As your children head back to school this year, it will be time again to keep your eyes open for that most unpleasant, yet most common, invasion—head lice. With the start of school, the health departments always see an increase in incidents. Knowing a few basics about head lice will help you cope with this irritating infestation.
You can help your children avoid getting head lice by explaining to them that they move from person to person by direct contact, for example, by using another person’s comb, wearing another person’s hat, scarf or hair barrettes. Tell your children to never share personal items. But, even that may not be enough to keep your child’s scalp safe. Tumbling mats, napping mats, cots, and pillows may house lice, as well. Lice can be just about anywhere, on clean surfaces as well as soiled.
One common myth is that they are attracted by dirty hair, clothes, bodies and homes. This is not true. So keeping your child’s hair and clothing washed is not going to be the easy solution to a common problem.
The main symptoms of head lice are constant itching and the feeling of something crawling around on your scalp. Kids may not recognize these symptoms, so it is up to you to periodically check your child’s scalp for lice, since it’s easier to get rid of them if you catch them early. If you see your child scratching a lot, you may indeed have a problem. If the itching continues, but you can’t see any signs of head lice, you may want to visit your doctor just to double check, since they aren’t always easy to see.
How to Spot Head Lice
Female lice lay eggs on the scalp. The eggs are usually a tan or brownish color, which is why they are so hard to find. Once these eggs hatch, the lice hang onto the strands of hair, and the female lice keep the cycle going by continuing to lay eggs. Often the first thing spotted is the ‘nits,’ or the empty eggshells, since they are white. They are, however, sometimes mistaken for dandruff. The difference is the nits are quite sticky and adhere to the hair, while dandruff is dry and flakes off easily.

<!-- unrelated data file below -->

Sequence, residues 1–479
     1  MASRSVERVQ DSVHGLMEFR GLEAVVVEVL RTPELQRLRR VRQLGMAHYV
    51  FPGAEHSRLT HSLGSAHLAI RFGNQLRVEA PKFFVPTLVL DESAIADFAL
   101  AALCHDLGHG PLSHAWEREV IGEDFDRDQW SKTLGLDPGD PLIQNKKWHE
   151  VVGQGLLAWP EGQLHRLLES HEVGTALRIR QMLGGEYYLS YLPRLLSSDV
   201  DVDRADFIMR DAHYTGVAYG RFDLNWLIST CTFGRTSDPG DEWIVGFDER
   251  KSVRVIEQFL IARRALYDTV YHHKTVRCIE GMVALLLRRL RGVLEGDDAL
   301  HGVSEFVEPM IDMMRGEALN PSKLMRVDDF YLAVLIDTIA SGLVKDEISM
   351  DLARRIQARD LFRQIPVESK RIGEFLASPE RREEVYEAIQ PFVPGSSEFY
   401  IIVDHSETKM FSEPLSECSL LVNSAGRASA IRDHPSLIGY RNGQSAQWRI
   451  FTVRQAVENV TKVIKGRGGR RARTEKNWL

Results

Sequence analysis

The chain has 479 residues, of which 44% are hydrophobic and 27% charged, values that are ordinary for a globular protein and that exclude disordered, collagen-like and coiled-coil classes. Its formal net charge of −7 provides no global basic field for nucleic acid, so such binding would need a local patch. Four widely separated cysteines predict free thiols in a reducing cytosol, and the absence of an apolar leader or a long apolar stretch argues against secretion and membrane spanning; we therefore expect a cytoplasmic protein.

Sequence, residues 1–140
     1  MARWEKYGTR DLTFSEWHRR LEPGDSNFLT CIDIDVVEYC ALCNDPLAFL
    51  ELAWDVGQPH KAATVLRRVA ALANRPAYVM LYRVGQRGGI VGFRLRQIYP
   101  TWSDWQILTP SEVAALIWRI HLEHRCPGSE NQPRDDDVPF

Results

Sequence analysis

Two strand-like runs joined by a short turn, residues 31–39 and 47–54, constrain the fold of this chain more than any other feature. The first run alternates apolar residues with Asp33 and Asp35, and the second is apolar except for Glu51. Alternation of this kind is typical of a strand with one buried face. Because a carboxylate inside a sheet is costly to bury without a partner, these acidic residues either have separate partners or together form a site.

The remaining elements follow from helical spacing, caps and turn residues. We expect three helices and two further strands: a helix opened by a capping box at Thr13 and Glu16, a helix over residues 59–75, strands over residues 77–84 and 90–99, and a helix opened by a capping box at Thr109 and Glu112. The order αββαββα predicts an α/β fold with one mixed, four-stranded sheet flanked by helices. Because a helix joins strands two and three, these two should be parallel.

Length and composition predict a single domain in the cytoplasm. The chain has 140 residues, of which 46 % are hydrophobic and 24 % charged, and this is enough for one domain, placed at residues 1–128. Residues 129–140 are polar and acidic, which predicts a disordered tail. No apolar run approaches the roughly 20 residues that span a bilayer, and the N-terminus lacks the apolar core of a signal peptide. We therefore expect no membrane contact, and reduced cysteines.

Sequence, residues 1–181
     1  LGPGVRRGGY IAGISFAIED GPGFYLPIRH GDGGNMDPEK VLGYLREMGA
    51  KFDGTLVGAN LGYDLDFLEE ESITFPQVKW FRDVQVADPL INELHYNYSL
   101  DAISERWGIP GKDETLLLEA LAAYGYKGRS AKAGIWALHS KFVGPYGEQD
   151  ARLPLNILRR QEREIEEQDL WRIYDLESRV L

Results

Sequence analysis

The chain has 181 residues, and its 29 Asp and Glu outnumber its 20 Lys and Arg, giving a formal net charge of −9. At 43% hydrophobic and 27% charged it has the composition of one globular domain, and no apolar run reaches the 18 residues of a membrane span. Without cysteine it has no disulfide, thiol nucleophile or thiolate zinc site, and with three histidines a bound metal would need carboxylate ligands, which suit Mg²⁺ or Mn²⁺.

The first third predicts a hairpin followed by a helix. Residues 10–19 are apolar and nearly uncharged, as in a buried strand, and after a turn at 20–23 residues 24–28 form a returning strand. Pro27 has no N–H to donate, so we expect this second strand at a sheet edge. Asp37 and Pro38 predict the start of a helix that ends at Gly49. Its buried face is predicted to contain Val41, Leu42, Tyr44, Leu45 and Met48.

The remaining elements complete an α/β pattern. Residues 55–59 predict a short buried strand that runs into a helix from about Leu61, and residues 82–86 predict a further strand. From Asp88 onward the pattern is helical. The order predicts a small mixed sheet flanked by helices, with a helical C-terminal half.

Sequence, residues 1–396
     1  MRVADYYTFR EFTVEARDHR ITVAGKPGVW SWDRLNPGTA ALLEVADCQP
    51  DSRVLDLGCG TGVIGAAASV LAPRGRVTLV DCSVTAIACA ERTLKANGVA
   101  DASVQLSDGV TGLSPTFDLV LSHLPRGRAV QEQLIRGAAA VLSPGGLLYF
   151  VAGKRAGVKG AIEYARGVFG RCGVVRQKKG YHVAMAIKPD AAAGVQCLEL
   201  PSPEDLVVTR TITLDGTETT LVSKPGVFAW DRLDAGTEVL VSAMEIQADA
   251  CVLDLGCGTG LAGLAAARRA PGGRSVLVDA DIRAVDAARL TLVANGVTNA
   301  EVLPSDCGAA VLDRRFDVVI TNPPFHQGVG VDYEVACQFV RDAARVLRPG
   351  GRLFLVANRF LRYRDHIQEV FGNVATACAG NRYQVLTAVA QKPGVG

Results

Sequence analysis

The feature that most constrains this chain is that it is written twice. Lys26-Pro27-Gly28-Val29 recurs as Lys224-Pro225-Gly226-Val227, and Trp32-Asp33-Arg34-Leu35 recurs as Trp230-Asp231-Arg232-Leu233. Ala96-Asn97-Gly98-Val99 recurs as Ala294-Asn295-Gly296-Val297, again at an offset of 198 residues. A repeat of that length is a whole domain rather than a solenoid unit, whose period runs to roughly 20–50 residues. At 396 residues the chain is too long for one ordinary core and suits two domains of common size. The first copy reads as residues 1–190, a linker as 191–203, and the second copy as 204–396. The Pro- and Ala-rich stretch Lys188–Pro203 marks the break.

If your child does end up with lice, it’s best to start treatment immediately, so that they don’t spread and so there is less chance of a scalp infection. Many doctors recommend RID (which contains lindane) to remove the infestation. RID kills the adults, hatchlings, and eggs. Next, wash all clothing, bedding, brushes and combs, and anything else your child’s head may have come into contact with in order to remove any eggs. You can add Lysol cleaner to the washing machine to help kill the lice in the wash water. Furniture and carpets should also be vacuumed and shampooed.
If you don’t like using chemicals, you can try this home remedy. Comb Tea Tree Oil through the hair and massage into the scalp. Tea Tree Oil is a natural antiseptic and may help kill the lice. If you don’t see results in a day or two, you might need to use lindane. The infestation has to be stopped one way or another in order to prevent infection. So, don’t stick with a system that isn’t working. The important thing is, no matter what method you use to fight head lice, the removal of the lice from the hair is crucial. Use your RID kit and diligently comb through your child’s hair to remove the eggs, nits, and lice. Then, wash everything that may have been in contact with the eggs. This is not an overnight process, so be prepared for weeks of repeated cleaning.
Use lice prevention hair care products every day to protect the whole family! Organic herbs such as rosemary, tea tree and citronella found in Fairy Tales Rosemary Repel® Shampoo & Conditioning Spray are proven safe, and effective ways to help repel lice. Use the shampoo routinely to make sure the little ones are protected before they even take off out the door.
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Disclosure: I was sent the above product in exchange for this post. No other compensation was given. All opinions are mine alone.